Friends gave conflicting accounts of how many children Mr. Hassane had. He was a father of at least two young children, one an infant born a few months ago. He had just returned to work from a three-month parental leave, his office colleague said.
“He was a very peaceful, sensitive man,” Mr. Redouane said.
Born in Algeria, Mr. Hassane had studied computer engineering at the University of Science and Technology – Houari Boumediene, near Algiers.
Mr. Redouane said his colleague had worked in Paris, then in Montreal, for the Sûreté du Québec provincial police force, before deciding to settle in Quebec City.
Mamadou Tanou Barry, 42, and Ibrahima Barry, 39
Mamadou Tanou Barry, 42, and Ibrahima Barry, 39, were inseparable. The civil servants lived on different floors of the same apartment building on La Pérade street in Ste.-Foy, a friend said.
The two men were both from the Republic of Guinea, in West Africa. Despite having the same surname, they were not related but “they were always together,” said the friend, Moussa Sangaré.
On Sunday evening, Mr. Sangaré said he and the two civil servants were visiting a friend who had recently lost his father. They comforted him, then Mamadou Tanou Barry and Ibrahima Barry left for the mosque and never came back.
Both came from large families that are now reeling from their losses, Mr. Sangaré said.
Ibrahima Barry worked for the province’s health-insurance board. He had four children, the eldest a 12-year-old, and his wife is in poor health, Mr. Sangaré said.
Mamadou Tanou Barry, who was known to his friends as Tanou, worked in IT. He had two boys aged 2 and 4.
Mr. Sangaré said Tanou’s father had died a few years ago so, as the eldest son, he was sending money home to help his extended family. Just a month ago, his mother had arrived in Quebec City to live with her son.
Khaled Belkacemi, 60
Laval University confirmed that one of its professors, Khaled Belkacemi, was also among the victims.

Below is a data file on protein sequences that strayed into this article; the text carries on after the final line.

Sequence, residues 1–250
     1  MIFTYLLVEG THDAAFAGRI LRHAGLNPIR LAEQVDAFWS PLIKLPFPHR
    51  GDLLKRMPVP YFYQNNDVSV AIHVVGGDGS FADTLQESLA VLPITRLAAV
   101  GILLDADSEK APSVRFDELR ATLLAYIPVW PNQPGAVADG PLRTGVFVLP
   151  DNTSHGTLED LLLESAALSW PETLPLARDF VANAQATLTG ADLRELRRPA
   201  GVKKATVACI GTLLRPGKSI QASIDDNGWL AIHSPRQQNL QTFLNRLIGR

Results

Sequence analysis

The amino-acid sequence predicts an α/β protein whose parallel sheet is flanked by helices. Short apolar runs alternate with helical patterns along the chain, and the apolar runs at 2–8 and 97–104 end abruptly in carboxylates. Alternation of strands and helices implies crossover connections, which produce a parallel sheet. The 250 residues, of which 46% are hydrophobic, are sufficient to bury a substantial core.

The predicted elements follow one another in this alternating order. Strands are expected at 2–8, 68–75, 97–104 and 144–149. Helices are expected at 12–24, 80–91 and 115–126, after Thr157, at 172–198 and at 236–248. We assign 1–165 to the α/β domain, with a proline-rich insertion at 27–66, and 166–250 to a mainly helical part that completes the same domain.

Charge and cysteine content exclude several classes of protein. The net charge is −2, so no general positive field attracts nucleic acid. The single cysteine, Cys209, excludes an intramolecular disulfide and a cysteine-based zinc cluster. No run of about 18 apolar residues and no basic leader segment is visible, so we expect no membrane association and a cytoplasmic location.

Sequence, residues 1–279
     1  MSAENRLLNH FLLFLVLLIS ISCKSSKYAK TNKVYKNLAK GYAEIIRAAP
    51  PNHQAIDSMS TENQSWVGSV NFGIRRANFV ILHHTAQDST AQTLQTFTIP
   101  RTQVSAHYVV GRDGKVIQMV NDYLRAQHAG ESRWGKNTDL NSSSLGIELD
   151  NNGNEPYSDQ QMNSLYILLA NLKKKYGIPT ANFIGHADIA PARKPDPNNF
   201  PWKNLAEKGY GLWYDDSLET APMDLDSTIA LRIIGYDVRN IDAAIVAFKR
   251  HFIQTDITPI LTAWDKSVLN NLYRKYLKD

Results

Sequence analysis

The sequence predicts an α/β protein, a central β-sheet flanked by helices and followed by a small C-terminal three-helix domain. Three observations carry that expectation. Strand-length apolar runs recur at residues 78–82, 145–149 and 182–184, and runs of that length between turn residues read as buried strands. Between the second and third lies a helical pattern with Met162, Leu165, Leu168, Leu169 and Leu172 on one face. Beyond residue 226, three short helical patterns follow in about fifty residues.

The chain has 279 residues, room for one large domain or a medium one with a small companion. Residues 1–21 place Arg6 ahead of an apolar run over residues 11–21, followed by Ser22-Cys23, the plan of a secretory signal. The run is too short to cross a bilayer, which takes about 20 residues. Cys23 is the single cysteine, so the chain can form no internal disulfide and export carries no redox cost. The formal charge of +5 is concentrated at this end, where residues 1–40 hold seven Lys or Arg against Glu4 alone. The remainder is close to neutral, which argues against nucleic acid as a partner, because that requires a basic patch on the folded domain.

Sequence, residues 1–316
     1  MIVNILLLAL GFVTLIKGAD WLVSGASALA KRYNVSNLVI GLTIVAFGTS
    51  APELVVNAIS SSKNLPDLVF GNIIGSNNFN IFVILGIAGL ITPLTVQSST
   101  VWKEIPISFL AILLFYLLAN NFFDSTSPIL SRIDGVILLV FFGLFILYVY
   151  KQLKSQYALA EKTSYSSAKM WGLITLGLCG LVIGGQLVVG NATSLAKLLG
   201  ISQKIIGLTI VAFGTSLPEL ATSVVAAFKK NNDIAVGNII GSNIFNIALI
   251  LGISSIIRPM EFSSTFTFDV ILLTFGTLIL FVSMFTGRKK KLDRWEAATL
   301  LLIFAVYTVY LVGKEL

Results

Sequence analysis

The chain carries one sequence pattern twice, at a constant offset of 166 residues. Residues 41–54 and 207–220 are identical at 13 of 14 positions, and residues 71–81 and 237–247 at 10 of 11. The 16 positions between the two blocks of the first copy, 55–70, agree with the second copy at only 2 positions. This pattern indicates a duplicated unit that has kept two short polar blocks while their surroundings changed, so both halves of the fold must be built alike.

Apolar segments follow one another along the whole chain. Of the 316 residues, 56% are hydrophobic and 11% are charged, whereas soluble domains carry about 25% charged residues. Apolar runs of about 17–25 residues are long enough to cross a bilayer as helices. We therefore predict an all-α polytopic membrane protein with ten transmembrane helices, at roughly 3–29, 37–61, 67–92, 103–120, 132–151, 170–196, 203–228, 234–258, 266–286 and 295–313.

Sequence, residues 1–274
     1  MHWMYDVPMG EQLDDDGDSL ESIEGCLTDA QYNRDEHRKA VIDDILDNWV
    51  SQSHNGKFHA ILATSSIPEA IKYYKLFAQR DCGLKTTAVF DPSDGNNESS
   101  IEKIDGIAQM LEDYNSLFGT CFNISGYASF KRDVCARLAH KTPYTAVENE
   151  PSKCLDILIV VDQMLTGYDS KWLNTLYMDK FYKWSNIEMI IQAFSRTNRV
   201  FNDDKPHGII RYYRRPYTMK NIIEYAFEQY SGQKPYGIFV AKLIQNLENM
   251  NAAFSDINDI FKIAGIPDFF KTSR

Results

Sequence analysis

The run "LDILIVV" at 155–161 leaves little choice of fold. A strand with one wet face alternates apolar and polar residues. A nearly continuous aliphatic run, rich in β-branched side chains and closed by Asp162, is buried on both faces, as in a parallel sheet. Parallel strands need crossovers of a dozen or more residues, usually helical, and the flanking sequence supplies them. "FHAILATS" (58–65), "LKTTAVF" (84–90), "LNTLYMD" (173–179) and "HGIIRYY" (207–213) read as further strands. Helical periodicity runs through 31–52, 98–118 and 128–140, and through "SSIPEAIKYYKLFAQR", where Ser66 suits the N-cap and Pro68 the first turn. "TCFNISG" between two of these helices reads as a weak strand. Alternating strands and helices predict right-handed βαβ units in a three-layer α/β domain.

After graduating from Polytechnic School of Algiers in 1983, Mr. Belkacemi obtained his master’s degree and doctorate in chemical engineering from the Université de Sherbrooke.
Both he and his wife, Safia Hamoudi, were professors in agri-food engineering.
Among his research projects, Dr. Belkacemi had worked on finding healthier alternatives to spices used to cure cold cuts.
Boubaker Thabti, 44
Boubaker Thabti only lived five minutes from the mosque. His friends knew that he didn’t work on Sunday nights, so when they couldn’t reach him after the shooting started, they feared the worse.
Several men stood outside the mosque on Sunday night, hoping to get news from him, but they saw his wife leaving in sobs.
One of the friends, Ghazi Hamrouni, said Mr. Thabti worked in a pharmacy and had two young children, a three-year-old and another who was about 10 years old, friends said.
Another friend, Abder Dhakkar, recalled that when he moved to Quebec a year and a half ago from Montreal, Mr. Thabti was one of the first people he met. “He’s so kind; everyone loves him – everyone.”
On Monday, Mr. Soufiane’s grocery was dark, its containers of olives and packages of pita bread sitting on the shelves. Someone left a bouquet of flowers at the door. There was a tragic feel to his death. When the mosque moved into its current location seven years ago, he responded to some anti-Muslim messages by becoming a voice for peace.
“I’ve been in Quebec City for 20 years and never had a problem,” he said in an interview with Le Soleil. “We live in peace and we want it to continue that way.” The wish was shattered this week.